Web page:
Wound care can be a long and drawn out process if you are unfamiliar with how to heal wounds. Most scrapes and cuts can be treated at home and don’t require stitches. There are some supplies that you should keep on hand, especially if you have children in the house. Children seem to fall down, get scraped up and get wounds on their hands and fingers. While most adults mainly receive wounds from chopping food, shaving or falling on sharp concrete, everyone should have a supply of bandages and remedy creams for such emergencies.
Items needed to heal a wound:
- Clean cloths
- Assorted bandages to include steri-strips
- Hydrogen peroxide
- Cotton balls
- Skin superglue
- Antibiotic cream
- Assess the damage. The first thing you should do when you get a wound is to check to see how large the laceration is. A wound measuring over ½ cm should be seen by a physician to see if stitches are needed, but most cuts or scrapes can be treated at home.
- Apply pressure to the wound. This should be done immediately to stop the bleeding. If the wound is on the arm or leg, elevate it above the heart to slow the flow of blood to that area. As soon as the bleeding has stopped, remove the cloth and reassess the wound to see if it needs medical attention.
- Clean the wound. It’s critical to properly clean any wound in order for it to heal properly. Run it under lukewarm water to remove any debris and clean the wound with hydrogen peroxide and a cotton ball. The peroxide will kill any germs or bacteria that may be lingering on the skin, and this is a critical step in avoiding infections. Pat the area lightly to dry the skin around the wound.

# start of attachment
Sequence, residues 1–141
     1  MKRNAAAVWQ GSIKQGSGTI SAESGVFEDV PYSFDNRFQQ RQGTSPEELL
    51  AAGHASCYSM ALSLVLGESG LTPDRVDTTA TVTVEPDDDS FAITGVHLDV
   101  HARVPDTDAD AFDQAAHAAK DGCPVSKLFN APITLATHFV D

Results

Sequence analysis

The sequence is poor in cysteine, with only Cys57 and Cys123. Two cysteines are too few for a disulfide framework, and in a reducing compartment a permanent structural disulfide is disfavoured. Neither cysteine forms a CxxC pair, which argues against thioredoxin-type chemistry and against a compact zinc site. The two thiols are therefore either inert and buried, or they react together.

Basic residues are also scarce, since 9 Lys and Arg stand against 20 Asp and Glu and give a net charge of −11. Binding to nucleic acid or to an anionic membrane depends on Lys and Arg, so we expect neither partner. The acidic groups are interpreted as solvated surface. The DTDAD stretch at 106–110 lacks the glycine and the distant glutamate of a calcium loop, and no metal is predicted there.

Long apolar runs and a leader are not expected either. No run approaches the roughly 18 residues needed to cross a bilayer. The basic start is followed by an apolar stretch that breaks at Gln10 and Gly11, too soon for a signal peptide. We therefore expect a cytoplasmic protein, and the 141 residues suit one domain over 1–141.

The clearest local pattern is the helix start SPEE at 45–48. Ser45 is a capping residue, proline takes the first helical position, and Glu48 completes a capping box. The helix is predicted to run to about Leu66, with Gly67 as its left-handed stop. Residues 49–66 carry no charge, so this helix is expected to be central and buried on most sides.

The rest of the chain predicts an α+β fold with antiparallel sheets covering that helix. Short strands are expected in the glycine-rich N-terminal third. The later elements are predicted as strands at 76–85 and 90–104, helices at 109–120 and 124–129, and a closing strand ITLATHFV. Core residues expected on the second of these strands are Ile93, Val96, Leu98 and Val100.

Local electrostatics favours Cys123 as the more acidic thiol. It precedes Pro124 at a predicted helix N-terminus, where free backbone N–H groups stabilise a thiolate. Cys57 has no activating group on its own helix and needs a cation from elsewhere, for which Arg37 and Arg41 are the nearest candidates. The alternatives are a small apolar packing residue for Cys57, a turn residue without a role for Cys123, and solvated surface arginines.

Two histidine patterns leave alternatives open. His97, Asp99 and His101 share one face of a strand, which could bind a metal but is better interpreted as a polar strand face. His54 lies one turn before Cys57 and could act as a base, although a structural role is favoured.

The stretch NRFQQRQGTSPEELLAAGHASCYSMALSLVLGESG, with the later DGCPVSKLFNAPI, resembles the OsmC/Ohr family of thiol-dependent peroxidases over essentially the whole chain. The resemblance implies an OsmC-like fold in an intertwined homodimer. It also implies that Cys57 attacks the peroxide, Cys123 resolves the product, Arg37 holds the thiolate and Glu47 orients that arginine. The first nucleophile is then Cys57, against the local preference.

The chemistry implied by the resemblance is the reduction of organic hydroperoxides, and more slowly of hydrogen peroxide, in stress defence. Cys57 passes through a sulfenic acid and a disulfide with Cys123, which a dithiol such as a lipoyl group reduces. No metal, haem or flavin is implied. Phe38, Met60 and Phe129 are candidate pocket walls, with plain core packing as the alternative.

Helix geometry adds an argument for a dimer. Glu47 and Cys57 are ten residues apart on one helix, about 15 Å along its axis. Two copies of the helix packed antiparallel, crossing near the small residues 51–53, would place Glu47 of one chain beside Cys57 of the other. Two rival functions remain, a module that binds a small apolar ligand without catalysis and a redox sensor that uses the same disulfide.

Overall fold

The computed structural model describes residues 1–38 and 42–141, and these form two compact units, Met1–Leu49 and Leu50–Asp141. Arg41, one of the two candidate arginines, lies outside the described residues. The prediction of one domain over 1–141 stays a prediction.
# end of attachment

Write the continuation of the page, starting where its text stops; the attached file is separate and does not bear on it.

- Determine the type of bandage. This can be a tough one, but if the wound is more of a gash, steri-stips (butterfly strips) should be used to keep the skin around the wound held together. This prevents dirt from reentering the wound and the strips help to keep it from reopening. Steri-strips should be kept dry and not removed for at least five days. After five days, you can start to get the area wet to encourage the bandage to come off. Avoid pulling on the strips because it could reopen the wound.
- Keep the wound moist. This is critical for new skin and cell growth, so don’t let the wound dry out and scab over. This delays the healing time and can leave scars. Do not pick at it or remove a scab that is firmly attached. If a scab does develop, dab it with a cotton ball with peroxide twice a day until it comes off easily. Apply antibiotic cream a couple of times a day to keep the wound moist and keep it covered.
Skin super glue is great alternative to bandages, and it’s a great option for small or straight wounds. It’s applied to the wound while holding the cut together to form a cohesive barrier. This is a quick and painless option that is great for small kids. These skin glues can be used in place of stitches when applied properly. They are very effective, and they eliminate the scars that come with healing wounds. Using this type of glue completely seals the wound and it becomes practically maintenance free. Try skin superglue the next time you need to heal wounds.
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